A blood test is as well available which recognizes the antibodies the body generates if infected by Paragonimus. Early in the illness, blood tests might show a raise in a certain kind of cell, termed as an eosinophil that is often related by the parasitic infections.

How is paragonimiasis treated?

There is a prescription drug available termed as praziquantel which is efficient for treatment of this infection in the lungs. The usual treatment course is two days. The other prescription drug, bithionol, is as well efficient.

Liver fluke (Fasciola hepatica and F. gigantica):

Fascioliasis is a zoonotic disease caused via infection by F. hepatica. It is a main disease of livestock which is related with significant economic losses due to the mortality; liver condemnation; lessen production of milk, meat and wool; and expenses for anthelmintics. The disease consists of a cosmopolitan distribution having cases reported from Scandinavia to New Zealand and southern Argentina to Mexico. As well of significance is the West Africa species of Fasciola (F. gigantica). The two share identical morphology, life-cycle and pathogenicity. They belong to the family 'Fasciolidae' having the given main features:

a) They are big having flattened leaf-like forms.

b) They have ramifying and complex digestive and reproductive systems.

c) Nearly all members of the family live in the liver and the bile duct. Though, Fasciolopsis buski lives in the intestine.

d) Cercariae are gymnocephalous.

e) Metacercariae encysts on the vegetation therefore establishing a two-host cycle.

 Morphology of the Adult:

a) They are leaf-like having oral cone and shoulder at the anterior end.

b) The intestinal caeca, testes as well as ovary are branched.

c) Tight and relatively small uterus is opposite to the ovary at the anterior end.

d) Vitellaria are wide and are laterally distributed.

Life cycle:

In the liver of affected final hosts, adult fluke in the bile ducts produce eggs which flow in the bile to the intestines and are then passed to the sheep faeces. The eggs hatch in wet regions on pasture when mean daily temperatures are above 10°C. Larvae (miracidia) invade the intermediate hosts that are lymnaeid snails: most generally Lymnaea tomentosa in Australia and New Zealand. Once inside the snail, larvae build up and multiply as sporocysts, rediae and cercariae.

The tadpole-like cercariae leave the snails, swimming till they encyst on the vegetation, making metacercariae: the infective phase of liver fluke. Grazing animals ingest the metacercariae thatr discharge immature flukes in the small intestine. The young flukes go through the intestinal wall, make their way to the liver and then migrate via the liver tissue for 6 to 7 weeks before entering the bile ducts to become adults. Egg production begins 8 to 10 weeks after infection. Adult fluke can live for some years and produce above 20,000 eggs per day.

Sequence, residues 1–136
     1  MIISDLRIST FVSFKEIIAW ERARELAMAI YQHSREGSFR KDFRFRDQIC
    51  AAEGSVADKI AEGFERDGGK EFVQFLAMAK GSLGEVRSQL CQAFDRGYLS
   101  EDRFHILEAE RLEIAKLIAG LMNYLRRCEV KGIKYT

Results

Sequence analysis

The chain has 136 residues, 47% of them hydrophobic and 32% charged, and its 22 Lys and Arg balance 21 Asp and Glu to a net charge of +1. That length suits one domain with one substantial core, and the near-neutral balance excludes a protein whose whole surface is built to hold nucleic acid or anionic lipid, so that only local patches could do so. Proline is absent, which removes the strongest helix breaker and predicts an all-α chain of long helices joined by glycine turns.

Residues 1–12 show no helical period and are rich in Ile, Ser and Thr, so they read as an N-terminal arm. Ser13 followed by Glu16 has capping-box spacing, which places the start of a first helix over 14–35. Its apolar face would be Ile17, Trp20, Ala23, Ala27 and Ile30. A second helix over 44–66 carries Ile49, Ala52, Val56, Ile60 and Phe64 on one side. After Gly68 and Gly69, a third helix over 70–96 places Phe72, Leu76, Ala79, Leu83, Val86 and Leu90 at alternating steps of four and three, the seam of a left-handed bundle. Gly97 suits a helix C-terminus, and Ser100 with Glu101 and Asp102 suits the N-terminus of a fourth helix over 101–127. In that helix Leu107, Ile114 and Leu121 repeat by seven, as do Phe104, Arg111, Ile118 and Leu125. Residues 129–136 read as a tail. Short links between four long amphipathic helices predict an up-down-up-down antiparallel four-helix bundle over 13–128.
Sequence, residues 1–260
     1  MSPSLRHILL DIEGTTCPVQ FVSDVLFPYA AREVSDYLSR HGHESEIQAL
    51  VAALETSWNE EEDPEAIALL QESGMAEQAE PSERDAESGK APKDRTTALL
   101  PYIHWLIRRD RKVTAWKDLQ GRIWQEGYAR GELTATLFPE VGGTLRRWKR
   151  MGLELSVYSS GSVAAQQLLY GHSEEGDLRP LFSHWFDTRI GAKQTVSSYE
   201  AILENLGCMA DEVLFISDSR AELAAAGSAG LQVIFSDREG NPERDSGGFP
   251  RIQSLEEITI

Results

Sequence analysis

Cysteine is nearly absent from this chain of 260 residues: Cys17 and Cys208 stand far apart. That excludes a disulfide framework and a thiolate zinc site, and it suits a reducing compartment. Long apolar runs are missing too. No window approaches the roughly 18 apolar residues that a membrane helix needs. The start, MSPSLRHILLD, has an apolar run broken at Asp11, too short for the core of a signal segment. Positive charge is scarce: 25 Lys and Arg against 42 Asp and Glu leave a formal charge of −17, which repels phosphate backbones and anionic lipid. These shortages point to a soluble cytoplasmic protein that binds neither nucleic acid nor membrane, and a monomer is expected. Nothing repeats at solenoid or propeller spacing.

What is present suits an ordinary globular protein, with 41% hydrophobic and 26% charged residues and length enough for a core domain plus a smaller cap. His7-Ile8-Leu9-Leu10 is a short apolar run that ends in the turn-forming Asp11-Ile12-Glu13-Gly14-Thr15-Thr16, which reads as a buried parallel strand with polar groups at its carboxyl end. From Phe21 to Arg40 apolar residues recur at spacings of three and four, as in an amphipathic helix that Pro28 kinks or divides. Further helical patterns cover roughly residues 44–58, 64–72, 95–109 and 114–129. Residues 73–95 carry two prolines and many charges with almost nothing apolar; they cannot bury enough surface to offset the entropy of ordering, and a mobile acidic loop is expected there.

Intestinal flukes (Fasciolopsis. buski, Heterophyes heterophyes, Metagonimus yokogawai):

F. buski is the most general intestinal nematode which causes infections in the humans. It is broadly distributed in Asia and the Indian subcontinent, particularly in the regions where humans raise pigs and use freshwater plants. The trematodes M. yokogawai and H. heterophyes are less-common causes of the human infection.

Life cycle:

F. buski, generally known as the giant intestinal fluke, is found in the duodenum and jejunum of pigs and humans and is the biggest intestinal fluke to parasitize humans. Humans are infected through eating freshwater aquatic plants like water caltrops, water bamboo and water chestnuts that can harbour the metacercariae.

In the intestine, the metacercariae excyst, join to the duodenum or jejunum, build up and grow into the adult worms. They lay unembryonated eggs that are excreted in the faeces.

In water, inside the egg, a ciliated miracidium builds up, comes out and penetrates an appropriate snail host. Within the snail, after some phases of asexual multiplication, large numbers of cercariae are generated. The latter come out from the snail and encyst on the surface of aquatic plants to metacercariae. Ingestion of such plants causes infection in humans and the cycle is repeated.


Eggs of the Fasciolopsis buski are generally ellipsoidal, operculated and measure 130 to 150 µm long by 60-90 µm wide.  The eggs are unembry onated when passed in the feces. The eggs of F. buski can be hard to differentiate from Fasciola hepatica; however the abopercular end of the latter often consists of a roughened or irregular region.

The adults of F. buski measure 20 to 75 mm long and encompass poorly-developed oral and ventral suckers. Adults exist in in the intestine of the mammalian host.

Pancreatic flukes (Eurytrema pancreaticum, E. coelomaticum, E. ovis):

These are broadly distributed in Korea, China, Japan, South America, Hong Kong and so on. E. pacreaticum is a general parasite of pancreatic (or hardly ever bile) ducts of herbivorous mammals, that is, sheep, cattle, goats, monkeys and camels.

Life cycle:

The adult flukes survive in the pancreatic passages of the herbivores. Eggs are passed in the faeces and ingested through land snail that is, the first intermediate host (snail). The cercariae build up into infective metacercariae only when ingested through grasshoppers, the second intermediate host. The life-cycle is completed when the infected insects are eaten through grazing herbivores. The metacercariae excyst and migrate to the pancreatic passage, where they build up into adults. Humans become infected if they accidentally swallow infected grasshoppers.


The parasite (10~18 x 5~9 mm in size) is flat, broad and oval to fusiform. The suckers are big; the oral sucker is bigger than the ventral sucker. The eggs (50~80 x 35~40) are embryonated in the uterus.